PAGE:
As data lineage has become more important,  we have seen a move away from Excel, as the application makes it virtually impossible to track all of the transformations that have been made, when, and by whom. With Trifacta, every change is clearly listed at the right of your screen at all times.

An area where Trifacta sees the ubiquitous use of Excel dissipating most is in financial services and banking. The financial services industry historically has relied mostly on Excel as a basis for informing industry trends and critical calculations, like the Allowance for Loan and Lease Losses (ALLL). One of the most significant quarterly financial statement estimates, the ALLL, shows how much a bank has in reserve to offset bad debts, and it has an enormous impact on earnings and capital. ALLL is also a calculation that has been derived almost exclusively using Excel. In a December 2015 Mainstreet Technologies survey, over 64% of the financial institution respondents said they still use Excel, and 66% said they are seeking other tech solutions ahead of the FASB CECL release that rolls out in 2020.

Excel became institutionalized because it’s powerful and relatively easy. However, finance and other sectors are realizing that Excel has more than just dataset size limitations. It is estimated that almost 90% of spreadsheets have errors, made worse by the lack of controls as spreadsheets pass between coworkers. In fact, it was a relatively simple Excel cut and paste formula error in 2012 that caused JP Morgan to miscalculate a fund’s VaR risk profile to the tune of a $2B loss.

Above size limitations, nowhere is tracking and data lineage more important than in the financial services sector, where scrutinous audits and regulatory reporting rule. Trifacta makes tracking data simple, enabling real-time inventories of key data.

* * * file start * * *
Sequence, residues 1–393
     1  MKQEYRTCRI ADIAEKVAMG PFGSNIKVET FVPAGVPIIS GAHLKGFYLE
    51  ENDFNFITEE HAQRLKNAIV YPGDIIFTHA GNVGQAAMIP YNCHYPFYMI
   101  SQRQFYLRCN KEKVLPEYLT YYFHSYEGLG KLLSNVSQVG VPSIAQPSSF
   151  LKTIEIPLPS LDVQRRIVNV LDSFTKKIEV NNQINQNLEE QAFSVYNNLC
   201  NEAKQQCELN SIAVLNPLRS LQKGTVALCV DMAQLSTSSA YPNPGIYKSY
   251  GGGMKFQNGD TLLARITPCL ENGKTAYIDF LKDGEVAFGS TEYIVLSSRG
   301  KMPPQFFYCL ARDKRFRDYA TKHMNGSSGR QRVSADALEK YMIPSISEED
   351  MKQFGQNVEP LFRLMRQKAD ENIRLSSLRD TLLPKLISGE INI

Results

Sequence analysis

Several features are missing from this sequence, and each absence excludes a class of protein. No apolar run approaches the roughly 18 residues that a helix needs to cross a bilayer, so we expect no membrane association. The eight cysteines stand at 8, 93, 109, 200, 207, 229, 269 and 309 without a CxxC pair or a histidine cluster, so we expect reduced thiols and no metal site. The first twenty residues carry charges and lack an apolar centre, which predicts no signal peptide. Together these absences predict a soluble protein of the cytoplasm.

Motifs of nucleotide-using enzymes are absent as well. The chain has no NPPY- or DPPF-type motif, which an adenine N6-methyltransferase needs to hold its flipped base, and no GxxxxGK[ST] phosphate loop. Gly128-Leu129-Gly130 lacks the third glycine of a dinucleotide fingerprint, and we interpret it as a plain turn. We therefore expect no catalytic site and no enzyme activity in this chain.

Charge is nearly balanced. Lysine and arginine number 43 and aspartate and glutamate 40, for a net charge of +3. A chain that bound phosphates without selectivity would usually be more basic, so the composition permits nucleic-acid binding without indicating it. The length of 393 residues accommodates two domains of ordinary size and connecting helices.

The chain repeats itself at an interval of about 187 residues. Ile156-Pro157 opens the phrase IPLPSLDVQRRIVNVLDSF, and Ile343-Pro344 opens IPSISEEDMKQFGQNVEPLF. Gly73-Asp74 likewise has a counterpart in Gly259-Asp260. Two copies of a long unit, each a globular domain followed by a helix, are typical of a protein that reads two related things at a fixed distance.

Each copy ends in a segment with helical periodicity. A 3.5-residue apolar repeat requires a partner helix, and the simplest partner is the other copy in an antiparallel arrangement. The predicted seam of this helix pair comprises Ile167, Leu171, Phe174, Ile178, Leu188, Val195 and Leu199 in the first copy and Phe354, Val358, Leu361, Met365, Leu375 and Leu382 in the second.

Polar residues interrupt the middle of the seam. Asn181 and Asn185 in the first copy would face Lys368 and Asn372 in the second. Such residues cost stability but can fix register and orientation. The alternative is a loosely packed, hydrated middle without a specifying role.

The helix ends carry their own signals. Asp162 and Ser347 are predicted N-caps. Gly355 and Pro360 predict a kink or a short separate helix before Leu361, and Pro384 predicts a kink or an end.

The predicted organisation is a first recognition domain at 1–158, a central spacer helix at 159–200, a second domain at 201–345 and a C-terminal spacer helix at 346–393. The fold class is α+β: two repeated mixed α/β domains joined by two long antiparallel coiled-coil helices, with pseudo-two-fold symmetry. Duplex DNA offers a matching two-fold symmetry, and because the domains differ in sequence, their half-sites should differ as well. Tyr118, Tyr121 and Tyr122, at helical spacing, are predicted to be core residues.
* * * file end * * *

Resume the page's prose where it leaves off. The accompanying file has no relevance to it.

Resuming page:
How Trifacta Transformed the Unpivot Excel Transform

While Trifacta offers a predictive and visually pleasing way to execute a pivot transform, here we will focus on the Unpivot Excel command. This function is used most often when moving data from data-entry stage to analysis stage (e.g. normalizing data). Data entry is easiest when one assigns one row for each key (First Name) and one column for a data point (Hours Worked). This format makes for easy recording of data; however, aggregation and summation become far more difficult.

Trifacta reforms the data by merging one or more columns into key and value columns. Keys are the names of input columns, and value columns are the cell values from the source. Rows of data are duplicated, once for each input column. The unpivot column can be applied to multiple columns in the same transform. All columns are un-pivoted into the same key and value columns. With data arranged this way, new aggregations can be made and new insights found. Trifacta’s solution for unpivot Excel function woes is truly for anyone who needs to organize their data efficiently and accurately.

Beyond the actual function of a pivot or unpivot Excel command, Trifacta has the built in functionality to export directly to Tableau. Trifacta was built with Tableau users in mind: we know pivot/unpivot is an essential function, and we’ve made it easier and quicker to see your results, without employing the messiness of Excel.

To learn more about data wrangling, try out our free cloud product, Trifacta Wrangler!